H.R. 3070, An Act to repeal the Chinese Exclusion Acts, November 16, 1943
Introduced by Representative Warren G. Magnuson of Washington, H.R. 3070 repealed earlier Chinese Exclusion Acts. The repeal had minimal effect, however, since only 105 immigrants of Chinese origin could enter the United States each year. The repeal allowed Chinese immigrants to become naturalized citizens, but it did not extend benefits to other Asian immigrants.
Records of the U.S. Senate, National Archives and Records Administration
Asian American Policy during World War II
Following the attack on Pearl Harbor, President Franklin D. Roosevelt issued Executive Order 9066 on February 19, 1942. It required the forced relocation and internment of more than 110,000 Japanese Americans, most of whom were native-born American citizens. Congress appropriated funds for its implementation and provided penalties for its violation. In contrast, Congress approved legislation in 1943 to shore up relations with China, a key ally, and lifted restrictions on Chinese immigration to the United States for the first time since 1882.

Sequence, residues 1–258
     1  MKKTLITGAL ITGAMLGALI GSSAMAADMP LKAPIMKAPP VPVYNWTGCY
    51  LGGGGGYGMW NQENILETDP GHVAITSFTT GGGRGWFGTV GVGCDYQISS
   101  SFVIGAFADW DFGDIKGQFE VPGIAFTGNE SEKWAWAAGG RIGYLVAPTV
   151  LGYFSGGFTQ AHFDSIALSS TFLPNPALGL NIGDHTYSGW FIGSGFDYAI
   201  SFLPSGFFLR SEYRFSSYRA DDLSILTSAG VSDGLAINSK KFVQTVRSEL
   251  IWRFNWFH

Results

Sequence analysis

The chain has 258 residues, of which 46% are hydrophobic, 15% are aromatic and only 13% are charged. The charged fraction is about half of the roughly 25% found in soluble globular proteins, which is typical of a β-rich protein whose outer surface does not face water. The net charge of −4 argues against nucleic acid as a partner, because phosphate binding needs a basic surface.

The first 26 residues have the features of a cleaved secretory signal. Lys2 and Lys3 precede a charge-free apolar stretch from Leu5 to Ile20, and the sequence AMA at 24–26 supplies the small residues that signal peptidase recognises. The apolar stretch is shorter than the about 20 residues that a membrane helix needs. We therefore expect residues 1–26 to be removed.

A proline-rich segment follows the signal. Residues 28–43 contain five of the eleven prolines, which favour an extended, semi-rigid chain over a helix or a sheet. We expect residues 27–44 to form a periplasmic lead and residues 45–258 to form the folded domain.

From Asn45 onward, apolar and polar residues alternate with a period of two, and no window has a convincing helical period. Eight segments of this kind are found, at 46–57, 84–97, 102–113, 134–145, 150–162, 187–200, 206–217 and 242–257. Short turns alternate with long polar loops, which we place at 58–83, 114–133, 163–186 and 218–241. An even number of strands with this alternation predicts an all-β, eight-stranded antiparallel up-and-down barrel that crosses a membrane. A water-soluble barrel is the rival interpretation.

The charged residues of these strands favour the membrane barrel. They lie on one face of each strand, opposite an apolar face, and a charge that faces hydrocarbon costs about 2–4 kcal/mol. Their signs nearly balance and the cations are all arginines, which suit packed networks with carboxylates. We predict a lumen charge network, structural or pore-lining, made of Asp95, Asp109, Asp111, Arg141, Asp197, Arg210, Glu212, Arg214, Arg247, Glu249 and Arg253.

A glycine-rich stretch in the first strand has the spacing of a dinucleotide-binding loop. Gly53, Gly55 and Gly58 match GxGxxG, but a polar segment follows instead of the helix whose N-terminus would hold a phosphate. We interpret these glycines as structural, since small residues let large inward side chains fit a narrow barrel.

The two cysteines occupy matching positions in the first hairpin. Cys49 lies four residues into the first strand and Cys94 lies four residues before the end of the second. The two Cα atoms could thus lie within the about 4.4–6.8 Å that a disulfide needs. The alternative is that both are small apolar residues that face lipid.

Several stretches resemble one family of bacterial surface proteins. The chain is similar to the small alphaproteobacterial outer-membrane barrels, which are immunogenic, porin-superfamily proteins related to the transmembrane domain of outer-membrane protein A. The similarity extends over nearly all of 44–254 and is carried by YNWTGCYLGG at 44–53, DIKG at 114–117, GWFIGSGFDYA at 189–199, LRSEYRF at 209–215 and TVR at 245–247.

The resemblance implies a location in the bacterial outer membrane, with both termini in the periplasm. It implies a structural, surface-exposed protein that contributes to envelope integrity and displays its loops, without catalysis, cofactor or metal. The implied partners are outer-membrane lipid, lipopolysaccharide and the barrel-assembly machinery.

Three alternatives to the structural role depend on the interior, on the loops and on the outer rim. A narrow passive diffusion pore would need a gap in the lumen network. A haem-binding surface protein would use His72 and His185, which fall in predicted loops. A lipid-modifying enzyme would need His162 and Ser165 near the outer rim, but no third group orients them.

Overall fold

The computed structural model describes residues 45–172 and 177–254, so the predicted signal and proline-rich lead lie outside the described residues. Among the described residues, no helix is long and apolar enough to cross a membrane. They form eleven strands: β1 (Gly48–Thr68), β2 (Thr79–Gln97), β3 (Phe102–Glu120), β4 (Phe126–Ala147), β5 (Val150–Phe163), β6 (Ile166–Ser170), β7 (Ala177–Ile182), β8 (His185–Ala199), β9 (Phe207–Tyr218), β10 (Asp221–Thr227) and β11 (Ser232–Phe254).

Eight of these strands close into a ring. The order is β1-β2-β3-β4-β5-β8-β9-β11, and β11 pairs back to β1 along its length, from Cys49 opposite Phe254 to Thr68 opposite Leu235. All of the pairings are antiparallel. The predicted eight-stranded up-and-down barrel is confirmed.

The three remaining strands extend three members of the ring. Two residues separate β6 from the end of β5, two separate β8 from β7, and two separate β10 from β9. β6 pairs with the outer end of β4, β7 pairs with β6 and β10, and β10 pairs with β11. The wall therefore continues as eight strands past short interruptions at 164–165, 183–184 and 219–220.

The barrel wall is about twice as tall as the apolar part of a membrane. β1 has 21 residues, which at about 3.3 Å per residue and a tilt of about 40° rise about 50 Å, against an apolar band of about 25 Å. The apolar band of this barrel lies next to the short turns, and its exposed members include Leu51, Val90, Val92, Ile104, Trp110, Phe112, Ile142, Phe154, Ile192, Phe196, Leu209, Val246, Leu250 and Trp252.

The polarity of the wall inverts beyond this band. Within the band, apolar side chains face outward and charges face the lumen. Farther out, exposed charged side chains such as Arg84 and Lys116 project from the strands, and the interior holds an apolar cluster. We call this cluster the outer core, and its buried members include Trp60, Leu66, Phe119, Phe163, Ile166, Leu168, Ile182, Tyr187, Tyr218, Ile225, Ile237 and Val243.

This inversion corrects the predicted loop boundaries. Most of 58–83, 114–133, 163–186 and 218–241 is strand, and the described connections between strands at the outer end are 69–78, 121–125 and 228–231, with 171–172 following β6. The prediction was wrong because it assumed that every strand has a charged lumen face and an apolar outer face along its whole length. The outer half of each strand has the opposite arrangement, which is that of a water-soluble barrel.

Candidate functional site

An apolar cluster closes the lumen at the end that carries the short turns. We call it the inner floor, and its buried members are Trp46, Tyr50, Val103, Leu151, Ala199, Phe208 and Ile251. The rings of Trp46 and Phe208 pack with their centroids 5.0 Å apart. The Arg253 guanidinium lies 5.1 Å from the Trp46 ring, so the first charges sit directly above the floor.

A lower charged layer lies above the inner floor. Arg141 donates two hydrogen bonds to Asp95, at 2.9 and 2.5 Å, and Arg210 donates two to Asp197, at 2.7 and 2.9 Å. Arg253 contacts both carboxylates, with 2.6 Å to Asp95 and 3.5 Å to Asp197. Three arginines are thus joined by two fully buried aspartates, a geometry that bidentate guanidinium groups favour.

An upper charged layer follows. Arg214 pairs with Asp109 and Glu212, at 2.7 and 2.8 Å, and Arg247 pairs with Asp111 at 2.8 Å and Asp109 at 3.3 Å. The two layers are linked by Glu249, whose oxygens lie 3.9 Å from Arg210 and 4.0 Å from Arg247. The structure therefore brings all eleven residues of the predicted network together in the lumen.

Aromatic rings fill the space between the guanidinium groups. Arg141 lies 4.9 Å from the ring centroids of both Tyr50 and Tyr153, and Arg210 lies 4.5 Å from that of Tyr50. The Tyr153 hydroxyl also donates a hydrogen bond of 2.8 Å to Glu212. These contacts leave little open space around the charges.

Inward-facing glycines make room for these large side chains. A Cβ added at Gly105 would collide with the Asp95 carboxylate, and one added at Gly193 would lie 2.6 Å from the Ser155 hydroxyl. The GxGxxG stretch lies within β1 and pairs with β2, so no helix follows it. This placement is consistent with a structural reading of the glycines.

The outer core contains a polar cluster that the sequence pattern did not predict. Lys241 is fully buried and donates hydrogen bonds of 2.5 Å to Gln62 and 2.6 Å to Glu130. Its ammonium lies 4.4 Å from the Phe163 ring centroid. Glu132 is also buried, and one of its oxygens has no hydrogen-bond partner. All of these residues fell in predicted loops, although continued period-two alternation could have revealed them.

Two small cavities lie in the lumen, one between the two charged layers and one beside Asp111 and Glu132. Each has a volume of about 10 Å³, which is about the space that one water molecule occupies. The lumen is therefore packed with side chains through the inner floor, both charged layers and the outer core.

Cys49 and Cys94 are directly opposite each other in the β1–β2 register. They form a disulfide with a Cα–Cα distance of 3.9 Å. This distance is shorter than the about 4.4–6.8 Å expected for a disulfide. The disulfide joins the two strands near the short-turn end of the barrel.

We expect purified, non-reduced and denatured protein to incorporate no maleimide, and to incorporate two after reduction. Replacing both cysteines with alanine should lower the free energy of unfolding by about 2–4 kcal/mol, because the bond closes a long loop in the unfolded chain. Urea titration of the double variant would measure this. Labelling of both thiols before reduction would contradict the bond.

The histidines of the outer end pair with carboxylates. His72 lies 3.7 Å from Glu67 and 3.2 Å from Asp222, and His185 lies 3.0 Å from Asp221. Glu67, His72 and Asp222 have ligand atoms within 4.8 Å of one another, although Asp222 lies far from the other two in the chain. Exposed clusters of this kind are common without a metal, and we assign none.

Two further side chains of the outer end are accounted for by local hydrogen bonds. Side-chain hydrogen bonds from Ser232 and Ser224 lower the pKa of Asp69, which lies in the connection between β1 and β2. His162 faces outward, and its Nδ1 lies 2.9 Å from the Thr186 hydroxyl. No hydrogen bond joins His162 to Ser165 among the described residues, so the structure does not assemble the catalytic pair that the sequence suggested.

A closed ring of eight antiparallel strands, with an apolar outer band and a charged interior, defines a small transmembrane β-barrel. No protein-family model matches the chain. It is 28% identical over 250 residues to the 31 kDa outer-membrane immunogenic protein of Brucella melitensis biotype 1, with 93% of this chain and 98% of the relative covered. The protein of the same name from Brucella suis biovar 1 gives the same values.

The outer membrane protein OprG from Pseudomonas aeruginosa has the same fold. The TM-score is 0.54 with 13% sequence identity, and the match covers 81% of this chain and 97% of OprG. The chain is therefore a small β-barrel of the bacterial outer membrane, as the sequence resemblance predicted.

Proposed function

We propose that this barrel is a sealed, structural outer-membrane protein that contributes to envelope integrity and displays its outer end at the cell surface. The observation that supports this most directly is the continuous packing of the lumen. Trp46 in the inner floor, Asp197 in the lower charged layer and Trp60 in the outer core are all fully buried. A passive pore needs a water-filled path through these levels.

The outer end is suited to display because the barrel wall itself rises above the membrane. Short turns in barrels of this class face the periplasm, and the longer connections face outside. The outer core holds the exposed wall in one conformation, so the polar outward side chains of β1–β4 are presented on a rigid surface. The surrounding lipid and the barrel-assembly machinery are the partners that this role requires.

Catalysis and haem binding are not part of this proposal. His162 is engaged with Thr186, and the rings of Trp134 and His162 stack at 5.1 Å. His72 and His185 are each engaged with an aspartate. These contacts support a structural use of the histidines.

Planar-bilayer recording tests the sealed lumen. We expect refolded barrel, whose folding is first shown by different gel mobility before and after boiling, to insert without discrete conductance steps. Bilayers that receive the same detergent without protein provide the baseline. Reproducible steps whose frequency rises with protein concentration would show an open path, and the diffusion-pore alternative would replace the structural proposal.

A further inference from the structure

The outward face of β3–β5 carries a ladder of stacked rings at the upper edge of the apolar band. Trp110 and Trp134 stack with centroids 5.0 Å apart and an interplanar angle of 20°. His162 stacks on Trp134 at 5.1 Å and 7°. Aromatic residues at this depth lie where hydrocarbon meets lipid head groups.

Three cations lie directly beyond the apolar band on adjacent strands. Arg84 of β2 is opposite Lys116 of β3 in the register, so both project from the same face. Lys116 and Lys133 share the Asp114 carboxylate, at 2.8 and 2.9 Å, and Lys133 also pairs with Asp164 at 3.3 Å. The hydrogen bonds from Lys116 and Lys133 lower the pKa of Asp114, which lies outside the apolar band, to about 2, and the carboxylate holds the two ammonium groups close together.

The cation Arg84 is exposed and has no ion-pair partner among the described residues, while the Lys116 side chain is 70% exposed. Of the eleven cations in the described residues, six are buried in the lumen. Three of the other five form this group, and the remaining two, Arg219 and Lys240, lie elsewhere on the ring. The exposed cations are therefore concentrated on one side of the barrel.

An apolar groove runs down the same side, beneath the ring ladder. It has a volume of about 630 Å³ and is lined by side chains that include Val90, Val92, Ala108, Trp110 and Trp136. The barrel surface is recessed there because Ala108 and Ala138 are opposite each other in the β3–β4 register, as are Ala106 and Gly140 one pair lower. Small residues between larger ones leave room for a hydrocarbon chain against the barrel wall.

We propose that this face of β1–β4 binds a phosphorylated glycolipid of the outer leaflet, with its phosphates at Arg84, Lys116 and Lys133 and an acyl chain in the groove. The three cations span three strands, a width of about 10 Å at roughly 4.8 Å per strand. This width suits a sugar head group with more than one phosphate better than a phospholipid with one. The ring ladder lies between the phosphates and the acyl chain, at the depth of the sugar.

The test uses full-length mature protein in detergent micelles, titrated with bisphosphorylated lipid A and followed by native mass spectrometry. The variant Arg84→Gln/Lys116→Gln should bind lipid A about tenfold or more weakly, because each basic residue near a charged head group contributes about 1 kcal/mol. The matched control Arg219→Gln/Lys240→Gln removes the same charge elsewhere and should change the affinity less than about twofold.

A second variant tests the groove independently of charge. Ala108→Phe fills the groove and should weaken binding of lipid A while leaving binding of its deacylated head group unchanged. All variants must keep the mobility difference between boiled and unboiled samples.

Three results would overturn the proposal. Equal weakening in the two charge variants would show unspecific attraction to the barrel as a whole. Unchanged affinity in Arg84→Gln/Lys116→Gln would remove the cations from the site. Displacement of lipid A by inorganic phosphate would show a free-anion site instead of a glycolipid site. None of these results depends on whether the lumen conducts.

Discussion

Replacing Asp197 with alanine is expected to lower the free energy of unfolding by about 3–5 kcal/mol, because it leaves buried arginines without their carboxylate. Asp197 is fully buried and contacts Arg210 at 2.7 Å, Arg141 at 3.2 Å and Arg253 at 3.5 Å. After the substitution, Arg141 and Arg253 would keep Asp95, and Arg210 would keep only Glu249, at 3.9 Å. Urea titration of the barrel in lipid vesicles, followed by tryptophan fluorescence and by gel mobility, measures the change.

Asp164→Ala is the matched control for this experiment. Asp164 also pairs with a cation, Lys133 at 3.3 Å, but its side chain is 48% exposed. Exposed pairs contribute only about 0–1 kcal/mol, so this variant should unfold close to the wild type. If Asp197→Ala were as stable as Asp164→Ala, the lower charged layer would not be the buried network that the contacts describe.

We recommend the immediate evacuation of all persons of Japanese lineage . . . whose presence shall be deemed dangerous or inimical to the defense of the United States
Representative Clarence F. Lea of California, Recommendations of the Pacific Coast Subcommittee on Alien Enemies and Sabotage, February 13, 1942